Most top-end vehicles and luxury vehicles today are developed on diesel platforms because of the power and efficiency they impart to the car. Diesel has also been established as a cleaner and better fuel alternative compared to petrol. Excellent reliability and durability of the engines are one of the main reasons diesel engines are widely used in commercial applications.

2012 has shown signs of revival and stabilisation that are very positive for the automotive industry. All auto companies are looking at developing diesel technology for their cars — but this is not to only reap the benefits given the current scenario but for a more balanced bouquet of offerings.

Customers across segments want to pay less for maintenance but still want more powerful vehicles in return for their hard-earned money. Imposing an additional tax on diesel cars will have negative effects on sales. This will act as a deterrent in the development of diesel technology. Besides, diesel cars already cost more than those that run on petrol — whether they fall in the sub-1,400cc category or above it.

A levy on diesel cars will only reduce future subsidies by shifting demand to petrol cars. The bulk of diesel usage goes towards commercial vehicles, diesel power generating sets and agricultural pump-sets, so imposing taxes on diesel cars and consequently raising diesel car prices may reduce diesel usage, but not much. The fundamental problem will remain.

Diesel is more fuel-efficient than petrol — usually 10-30 per cent, depending on where and how the car is driven. And since diesel consumption depends on the total number of diesel cars on the roads – those bought over the last 15 years, and not just the incremental cars sold this year – the actual petrol-diesel consumption ratio will be far below 20-25 per cent.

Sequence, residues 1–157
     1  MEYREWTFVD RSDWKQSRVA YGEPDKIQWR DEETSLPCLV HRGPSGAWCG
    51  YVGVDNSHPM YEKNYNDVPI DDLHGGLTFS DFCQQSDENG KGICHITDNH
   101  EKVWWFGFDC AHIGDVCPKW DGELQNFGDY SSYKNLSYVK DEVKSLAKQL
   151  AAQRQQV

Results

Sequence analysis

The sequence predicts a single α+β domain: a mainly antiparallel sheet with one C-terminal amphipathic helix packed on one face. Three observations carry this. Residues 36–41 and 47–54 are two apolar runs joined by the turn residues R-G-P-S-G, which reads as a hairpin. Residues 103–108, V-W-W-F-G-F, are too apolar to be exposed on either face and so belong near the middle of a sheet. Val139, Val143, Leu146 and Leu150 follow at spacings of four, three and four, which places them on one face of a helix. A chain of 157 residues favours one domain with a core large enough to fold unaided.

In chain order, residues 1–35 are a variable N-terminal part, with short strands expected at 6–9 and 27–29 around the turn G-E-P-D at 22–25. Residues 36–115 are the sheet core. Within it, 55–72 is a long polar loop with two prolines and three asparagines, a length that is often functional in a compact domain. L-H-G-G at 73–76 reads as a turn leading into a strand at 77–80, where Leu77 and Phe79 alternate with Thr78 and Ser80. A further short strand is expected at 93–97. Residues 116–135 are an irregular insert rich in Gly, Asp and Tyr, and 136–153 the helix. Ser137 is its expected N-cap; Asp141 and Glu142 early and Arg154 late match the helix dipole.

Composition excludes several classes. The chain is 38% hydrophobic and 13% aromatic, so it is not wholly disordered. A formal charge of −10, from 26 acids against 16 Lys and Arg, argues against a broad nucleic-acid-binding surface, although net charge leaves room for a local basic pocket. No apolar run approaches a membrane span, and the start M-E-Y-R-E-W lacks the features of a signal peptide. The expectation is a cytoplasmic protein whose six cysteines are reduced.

It is the government’s diesel subsidy policy that has driven car manufacturers to opt for their respective dieselisation programmes. The logical way to proceed is by raising diesel prices marginally. Yes, this may have negative fallout that will be seen on commercial vehicles – trucks, buses, light commercial vehicles – but this can be compensated by introducing lower taxes on new vehicles and on parts and components.

It makes more sense for the government to move to a market-linked pricing policy for diesel instead of simply taxing diesel cars. The way ahead for the industry should be to develop better technologies by incentivising research and development not only on diesel engines but across all sorts of fuels. The objective should be to continue to make vehicles more economical, fuel-efficient and eco-friendly for Indian roads.